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A mosaic of several views of Riga
A mosaic of several views of Riga


Riga is located in Latvia
Coordinates: 56°56′56″N 24°6′23″E / 56.94889°N 24.10639°E / 56.94889; 24.10639Coordinates: 56°56′56″N 24°6′23″E / 56.94889°N 24.10639°E / 56.94889; 24.10639
Country  Latvia
 - Type City council
 - Mayor Nils Ušakovs
Area(2002) [2]
 - City 307.17 km2 (118.6 sq mi)
 - Water 48.50 km2 (18.7 sq mi)  15.8%
 - Metro 10,132 km2 (3,912 sq mi)
Population (2010[3]
 - City 706,413
 Density 2,299.7/km2 (5,956.3/sq mi)
 Metro 1,098,523 (Riga Region)
 - Metro density 108.3/km2 (280.5/sq mi)
 - Demonym Rīdzinieki
Ethnicity(2010) [4]
 - Latvians 42.4 %
 - Russians 41.0 %
 - Belarusians 4.0 %
 - Ukrainians 3.9 %
 - Poles 2.0 %
Time zone EET (UTC+2)
 - Summer (DST) EEST (UTC+3)
Calling codes 66 & 67
Website www.riga.lv

Riga is the capital and largest city of Latvia, a major industrial, commercial, cultural and financial centre of the Baltic region, and an important seaport, situated on the mouth of the Daugava. In 1935 it had 385,063 inhabitants[5], but by 2010 that had risen to 709,145. It is the largest city of the Baltic states and third-largest in the Baltic region, behind Saint Petersburg and Stockholm (counting residents within the city limits).


The city of Riga was founded in 1200 by Albert von Buxhovden, Bishop of Uexkull, a former Canon of Bremen Cathedral, and founder of the military religious Order of the Brothers of the Sword. He built Riga Cathedral, with new bells, and engaged in a major building programme.[6].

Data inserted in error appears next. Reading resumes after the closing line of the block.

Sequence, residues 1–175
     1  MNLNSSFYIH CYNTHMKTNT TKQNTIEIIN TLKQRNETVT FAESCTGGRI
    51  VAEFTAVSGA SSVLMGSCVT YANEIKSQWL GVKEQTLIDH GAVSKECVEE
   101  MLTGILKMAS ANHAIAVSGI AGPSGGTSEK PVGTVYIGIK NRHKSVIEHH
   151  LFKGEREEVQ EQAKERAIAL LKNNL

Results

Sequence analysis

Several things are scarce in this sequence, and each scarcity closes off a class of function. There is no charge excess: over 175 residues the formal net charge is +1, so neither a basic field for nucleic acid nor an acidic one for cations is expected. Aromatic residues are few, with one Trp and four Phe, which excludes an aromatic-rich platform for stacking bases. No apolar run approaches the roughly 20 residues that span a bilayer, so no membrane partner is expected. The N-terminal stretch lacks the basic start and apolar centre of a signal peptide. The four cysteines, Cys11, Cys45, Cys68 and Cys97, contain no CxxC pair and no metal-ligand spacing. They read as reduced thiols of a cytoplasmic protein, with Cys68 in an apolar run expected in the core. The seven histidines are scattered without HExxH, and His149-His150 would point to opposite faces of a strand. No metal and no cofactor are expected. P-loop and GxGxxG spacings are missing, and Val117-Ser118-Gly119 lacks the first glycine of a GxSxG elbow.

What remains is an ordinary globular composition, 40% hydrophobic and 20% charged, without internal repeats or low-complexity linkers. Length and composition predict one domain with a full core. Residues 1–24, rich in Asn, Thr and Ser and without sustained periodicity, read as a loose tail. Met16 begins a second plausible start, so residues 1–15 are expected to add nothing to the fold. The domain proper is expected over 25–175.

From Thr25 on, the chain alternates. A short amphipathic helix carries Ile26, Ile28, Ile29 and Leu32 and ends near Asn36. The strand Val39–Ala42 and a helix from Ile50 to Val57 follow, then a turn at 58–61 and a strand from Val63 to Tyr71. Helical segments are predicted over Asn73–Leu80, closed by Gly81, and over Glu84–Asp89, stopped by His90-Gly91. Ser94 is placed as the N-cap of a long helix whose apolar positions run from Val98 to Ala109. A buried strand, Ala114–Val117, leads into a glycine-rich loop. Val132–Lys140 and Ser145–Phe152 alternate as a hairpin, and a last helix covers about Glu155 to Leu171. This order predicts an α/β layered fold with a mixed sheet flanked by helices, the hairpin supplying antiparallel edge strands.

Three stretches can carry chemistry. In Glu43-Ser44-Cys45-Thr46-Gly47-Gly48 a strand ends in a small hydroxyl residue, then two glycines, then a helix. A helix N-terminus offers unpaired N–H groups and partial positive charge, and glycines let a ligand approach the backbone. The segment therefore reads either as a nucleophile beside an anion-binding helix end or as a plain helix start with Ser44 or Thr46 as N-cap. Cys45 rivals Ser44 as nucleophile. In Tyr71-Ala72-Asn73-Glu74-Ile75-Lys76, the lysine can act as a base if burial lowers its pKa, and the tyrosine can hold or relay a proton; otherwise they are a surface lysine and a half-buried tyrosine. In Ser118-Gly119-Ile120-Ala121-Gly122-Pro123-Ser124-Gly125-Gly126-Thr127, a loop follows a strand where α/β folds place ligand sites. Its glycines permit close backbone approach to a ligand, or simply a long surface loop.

Riga developed into a major Baltic port, and by 1912 Riga, Libau and Windau (all in Latvia), together handled more shipping than St Petersburg. Between 1908 and 1911 those same ports, on which converged three of Russia's great railways, dealt with no less than a third of all exports and imports of European Russia. Riga became the biggest wood-export harbour in Europe and doubled its shipping trade between 1900 and 1913.[7]


From an early date there had been a cathedral school in Riga, which closed its doors during the early Reformation period. The council however, engaged in 1527 the Dutchman Jacobus Battus as a Latin master, and he reopened the Domschule as an evangelical school, based upon Melanchthon's Praeceptor Germaniae curriculum. The town council also offered university scholarships in the 1530s, mostly to Rostock or Wittenberg. From 1525 publications, mostly religious, began appearing in Latvian, the first full book, the Cathechismus Catholicorum in 1585.[8]


  1. Riga City Council. Riga City Council. Retrieved on 2009-07-22.
  2. Riga in Figures. Riga City Council. Retrieved on 2007-08-02.
  3. Table IE52:Resident Population by Region, City and District at the beginning of the year. csb.gov.lv.
  4. Resident Population by Ethnicity and by Region, Cityr and District at the Bebinning of the Year. csb.gov.lv. Retrieved on 2010-07-22.
  5. Encyclopaedia Britannica Year Book 1938, London, 1938, p.368.
  6. Lettus, Henricus, translated by James A. Brundage, The Chronicle of Henry of Livonia, Columbia University Press, New York, 2003, p.xxii, ISBN 0-231-12888-6
  7. Hiden, John, The Baltic States and Weimar Ostpolitik, Cambridge University Press, U.K., 1987, p.65-6. ISBN 0-521-32032-2
  8. Kirby, David, Northern Europe in the Early Modern Period - The Baltic World 1492-1772, London, 1990, p.94. ISBN 0-582-00410-1 CSD
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